Multiplication  Between Groups  1491.01  7  213  1.296  0.252  Accept H_{o}
Not Significant 

Within Groups  45352.92  276  164.32  
Total  46843.93  283  
Division  Between Groups  2388.34  7  341.19  1.852  0.078  Accept H_{o}
Not Significant 

Within Groups  50860.38  276  184.28  
Total  53248.72  283  
Sex  Addition  Between Groups  134.31  1  134.31  0.762  0.383  Accept H_{o}
Not Significant 
Within Groups  49703.42  282  176.25  
Total  49837.73  283  
Subtraction  Between Groups  394.26  1  394.26  2.541  0.112  Accept H_{o}
Not Significant 

Within Groups  43754.65  282  155.16  
Total  44148.91  283  
Multiplication  Between Groups  472.81  1  472.81  2.875  0.091  Accept H_{o }
Not Significant 

Within Groups  46371.12  282  164.44  
Total  46843.93  283  
Division  Between Groups  322.94  1  322.94  1.721  0.191  Accept H_{o }
Not Significant 

Within Groups  52925.78  282  187.68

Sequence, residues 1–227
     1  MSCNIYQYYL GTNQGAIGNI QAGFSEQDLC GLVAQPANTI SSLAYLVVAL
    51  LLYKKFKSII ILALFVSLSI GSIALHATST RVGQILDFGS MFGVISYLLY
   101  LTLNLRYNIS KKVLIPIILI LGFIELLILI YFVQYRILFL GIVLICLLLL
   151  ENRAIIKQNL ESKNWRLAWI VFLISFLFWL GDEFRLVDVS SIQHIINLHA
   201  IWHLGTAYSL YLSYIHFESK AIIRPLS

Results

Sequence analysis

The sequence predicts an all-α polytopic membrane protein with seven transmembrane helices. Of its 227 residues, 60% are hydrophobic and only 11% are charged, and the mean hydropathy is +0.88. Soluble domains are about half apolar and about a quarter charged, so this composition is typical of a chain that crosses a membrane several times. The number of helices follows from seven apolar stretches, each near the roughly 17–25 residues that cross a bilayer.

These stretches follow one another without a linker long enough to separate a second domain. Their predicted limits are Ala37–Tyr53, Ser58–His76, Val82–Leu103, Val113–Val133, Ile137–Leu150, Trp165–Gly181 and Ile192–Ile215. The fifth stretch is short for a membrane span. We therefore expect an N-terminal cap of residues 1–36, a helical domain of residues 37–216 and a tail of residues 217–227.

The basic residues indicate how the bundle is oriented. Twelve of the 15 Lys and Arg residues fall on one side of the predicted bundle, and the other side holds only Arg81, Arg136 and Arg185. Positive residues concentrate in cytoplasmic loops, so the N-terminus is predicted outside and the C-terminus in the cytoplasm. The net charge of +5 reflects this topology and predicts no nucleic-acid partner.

Total  53248.72  283  
Family Monthly Income  Addition  Between Groups  3777.12  6  629.52  3.786  0.001  Reject H_{o }
Significant 
Within Groups  46060.61  277  166.28  
Total  49837.73  283  
Subtraction  Between Groups  4407.2  6  734.53  5.12  0.000  Reject H_{o }
Significant 

Within Groups  39741.72  277  143.47  
Total  44148.91  283  
Multiplication  Between Groups  5767.11  6  961.19  6.482  0.000  Reject H_{o }
Significant 

Within Groups  41076.82  277  148.29  
Total  46843.93  283  
Division  Between Groups  5491.57  6  915.26  5.309  0.000  Reject H_{o }
Significant 

Within Groups  47757.15  277  172.41  
Total  53248.72  283 
Table 3 shows the significant differences between the performance of the studentrespondents in solving operations on integers and their profile variables.